The FAA requires courts to stay court proceedings on issues subject to arbitration "until such arbitration has been had in accordance with the terms of the agreement." 9 U.S.C. § 3. The arbitration agreement between Tillman and the firm incorporated the AAA rules. Those rules required the parties to equally bear the costs of arbitration absent another agreement, and allowed the arbitrator to terminate proceedings for nonpayment, and to do so without issuance of an award.
The district court and the appellate court primarily relied on Lifescan, Inc. v. Premier Diabetic Servs., Inc., 363 F.3d 1010, 1012 (9th Cir. 2004), in which the parties submitted their dispute to AAA arbitration. Shortly before final arbitration proceedings, Premier advised that it was not able to pay its share of the arbitrators' costs. When Lifescan declined to pay Premier's share, the AAA suspended the proceedings. Lifescan then petitioned the district court to compel arbitration. On appeal, the court determined that compelling arbitration would be inappropriate, concluding that the arbitration had proceeded pursuant to the parties' agreement.
Tillman's arbitration had also "been had" in accordance with the arbitration agreement. The agreement incorporated the AAA rules which provided for setting of fees, payment by the parties, suspension for nonpayment and termination without issuance of an award. As these rules were followed, the arbitration process had been completed. Thus, the court concluded, the district court properly lifted the stay as there was no longer a basis for it.
The district court did not abuse its discretion in refusing to dismiss under Rule 41(b). It reviewed the evidence regarding Tillman's inability to pay and concluded that she lacked the resources to pay the arbitration deposit. As Tillman was willing but unable to pay for arbitration, any "failure to comply" with the court's order to arbitrate was not culpable and did not merit the harsh penalty of dismissal under Rule 41(b).
However, the appellate court disagreed with the district court's conclusion that it lacked jurisdiction and was required to dismiss the action based on the holding of Lifescan. The FAA requires a district court to stay court proceedings on issues subject to arbitration until the arbitration has been had, to compel arbitration if a party fails, neglects or refuses to arbitrate, and to enforce a valid arbitration award. Neither the statute nor case law requires dismissal when an arbitration is terminated without award for a party's inability to pay.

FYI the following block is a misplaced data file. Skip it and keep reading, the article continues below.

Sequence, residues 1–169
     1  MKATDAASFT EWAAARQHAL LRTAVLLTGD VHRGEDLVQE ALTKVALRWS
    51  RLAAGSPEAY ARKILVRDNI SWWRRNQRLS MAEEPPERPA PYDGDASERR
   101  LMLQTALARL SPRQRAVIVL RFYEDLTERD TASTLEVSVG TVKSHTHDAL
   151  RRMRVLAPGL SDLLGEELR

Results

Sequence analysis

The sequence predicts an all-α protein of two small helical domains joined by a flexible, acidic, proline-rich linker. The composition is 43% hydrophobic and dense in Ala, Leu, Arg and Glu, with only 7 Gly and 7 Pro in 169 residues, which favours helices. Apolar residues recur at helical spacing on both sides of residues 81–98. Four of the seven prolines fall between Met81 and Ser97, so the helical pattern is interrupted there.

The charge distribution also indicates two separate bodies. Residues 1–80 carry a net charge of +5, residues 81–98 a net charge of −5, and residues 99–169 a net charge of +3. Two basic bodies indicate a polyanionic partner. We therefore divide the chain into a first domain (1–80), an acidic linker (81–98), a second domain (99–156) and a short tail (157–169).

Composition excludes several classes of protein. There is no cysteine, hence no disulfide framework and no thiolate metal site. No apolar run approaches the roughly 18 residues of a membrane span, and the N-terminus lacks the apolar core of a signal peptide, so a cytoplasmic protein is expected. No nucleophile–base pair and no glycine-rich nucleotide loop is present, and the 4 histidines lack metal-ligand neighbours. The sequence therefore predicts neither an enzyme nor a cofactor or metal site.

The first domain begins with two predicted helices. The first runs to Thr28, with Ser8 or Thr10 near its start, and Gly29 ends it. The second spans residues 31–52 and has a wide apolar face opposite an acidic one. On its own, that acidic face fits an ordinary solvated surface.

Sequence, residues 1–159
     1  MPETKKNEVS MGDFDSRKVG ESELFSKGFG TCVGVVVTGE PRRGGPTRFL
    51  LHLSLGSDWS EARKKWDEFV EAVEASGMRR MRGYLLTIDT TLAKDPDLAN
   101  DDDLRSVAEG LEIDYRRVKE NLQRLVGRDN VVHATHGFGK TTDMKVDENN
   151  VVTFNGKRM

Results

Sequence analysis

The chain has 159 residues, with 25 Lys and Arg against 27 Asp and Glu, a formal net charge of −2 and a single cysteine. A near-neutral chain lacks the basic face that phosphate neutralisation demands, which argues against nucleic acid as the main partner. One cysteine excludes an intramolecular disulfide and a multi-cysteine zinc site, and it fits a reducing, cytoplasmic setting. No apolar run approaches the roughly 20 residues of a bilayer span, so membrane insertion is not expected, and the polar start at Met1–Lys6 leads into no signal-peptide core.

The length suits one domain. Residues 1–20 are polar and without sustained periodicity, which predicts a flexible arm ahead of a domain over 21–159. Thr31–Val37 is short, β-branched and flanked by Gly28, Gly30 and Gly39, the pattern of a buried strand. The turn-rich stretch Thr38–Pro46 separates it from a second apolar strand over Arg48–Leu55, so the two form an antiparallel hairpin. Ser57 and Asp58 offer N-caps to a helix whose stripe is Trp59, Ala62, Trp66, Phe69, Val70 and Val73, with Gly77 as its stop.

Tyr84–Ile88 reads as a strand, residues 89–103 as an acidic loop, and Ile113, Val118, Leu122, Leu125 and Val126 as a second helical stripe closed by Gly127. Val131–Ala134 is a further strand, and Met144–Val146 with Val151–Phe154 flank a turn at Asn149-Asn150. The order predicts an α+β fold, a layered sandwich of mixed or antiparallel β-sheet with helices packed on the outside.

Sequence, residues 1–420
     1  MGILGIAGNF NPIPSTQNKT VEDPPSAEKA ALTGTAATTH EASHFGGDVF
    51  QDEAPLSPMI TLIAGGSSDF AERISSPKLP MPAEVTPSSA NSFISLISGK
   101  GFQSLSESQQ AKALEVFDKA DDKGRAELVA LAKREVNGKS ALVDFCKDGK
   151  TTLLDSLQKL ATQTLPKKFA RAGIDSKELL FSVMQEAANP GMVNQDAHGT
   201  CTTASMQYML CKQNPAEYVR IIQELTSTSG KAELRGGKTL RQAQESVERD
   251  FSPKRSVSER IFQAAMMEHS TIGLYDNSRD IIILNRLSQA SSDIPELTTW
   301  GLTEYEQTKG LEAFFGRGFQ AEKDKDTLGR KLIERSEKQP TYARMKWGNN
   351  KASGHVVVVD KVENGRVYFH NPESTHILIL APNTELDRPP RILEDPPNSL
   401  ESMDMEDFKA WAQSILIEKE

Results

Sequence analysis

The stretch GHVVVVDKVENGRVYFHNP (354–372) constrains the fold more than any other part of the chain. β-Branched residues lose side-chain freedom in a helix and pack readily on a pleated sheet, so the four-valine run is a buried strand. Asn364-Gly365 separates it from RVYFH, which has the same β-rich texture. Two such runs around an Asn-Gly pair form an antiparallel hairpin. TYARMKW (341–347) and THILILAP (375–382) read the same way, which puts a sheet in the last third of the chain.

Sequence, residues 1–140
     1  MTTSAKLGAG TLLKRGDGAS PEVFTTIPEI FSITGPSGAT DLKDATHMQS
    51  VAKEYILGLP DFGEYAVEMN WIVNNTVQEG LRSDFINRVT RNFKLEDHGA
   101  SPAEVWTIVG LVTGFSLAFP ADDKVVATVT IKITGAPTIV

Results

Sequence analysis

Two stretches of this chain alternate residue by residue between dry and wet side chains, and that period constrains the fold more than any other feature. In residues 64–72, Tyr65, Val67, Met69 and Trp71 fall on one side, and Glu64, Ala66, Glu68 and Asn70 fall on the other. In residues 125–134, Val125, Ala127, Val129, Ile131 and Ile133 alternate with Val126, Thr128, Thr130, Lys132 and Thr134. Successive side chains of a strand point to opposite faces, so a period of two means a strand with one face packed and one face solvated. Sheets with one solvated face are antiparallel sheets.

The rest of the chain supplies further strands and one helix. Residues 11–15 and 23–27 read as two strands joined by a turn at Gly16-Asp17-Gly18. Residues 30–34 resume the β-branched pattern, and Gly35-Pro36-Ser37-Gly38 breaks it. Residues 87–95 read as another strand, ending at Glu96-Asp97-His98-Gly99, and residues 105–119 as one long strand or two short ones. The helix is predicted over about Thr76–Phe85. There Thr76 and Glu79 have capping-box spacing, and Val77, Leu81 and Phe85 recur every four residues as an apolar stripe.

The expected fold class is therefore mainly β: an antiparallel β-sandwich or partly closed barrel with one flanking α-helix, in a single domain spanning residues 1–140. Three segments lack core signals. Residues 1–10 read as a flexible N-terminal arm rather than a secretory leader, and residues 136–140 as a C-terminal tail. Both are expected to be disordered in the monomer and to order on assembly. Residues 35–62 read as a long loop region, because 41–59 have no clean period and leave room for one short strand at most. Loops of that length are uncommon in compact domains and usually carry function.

The court noted that its ruling allowing Tillman's case against Rheingold to proceed despite the existence of an arbitration agreement between the two does not run afoul of the "liberal federal policy favoring arbitration" reflected in the FAA. The court stated, "Our decision that Tillman's case may proceed does not mean that parties may refuse to arbitrate by choosing not to pay for arbitration." When a party refuses to pay for arbitration despite having the ability to do so, the district court has the ability to compel arbitration and dismiss the action for failure to comply with its order to arbitrate. Here, the district court specifically found that Tillman was unable to pay for her share of arbitration. As the arbitration was terminated without reaching the merits, the only way Tillman's case could be adjudicated was to proceed in district court.
The court also noted that the outcome would likely be different if Tillman were the one seeking a stay of court proceedings, as that would interfere with the firm's rights to have the matter heard.
Significance of Opinion
The court's opinion clarifies that the FAA does not require dismissal of a claim previously submitted to arbitration but terminated before the merits were reached or any award issued. If the parties cooperate with the arbitration rules they agreed to and the arbitration has concluded without an award, the case may continue to be adjudicated in court.
For more information, please contact Linda L. Streeter or your regular Hinshaw attorney.
This alert has been prepared by Hinshaw & Culbertson LLP to provide information on recent legal developments of interest to our readers. It is not intended to provide legal advice for a specific situation or to create an attorney-client relationship.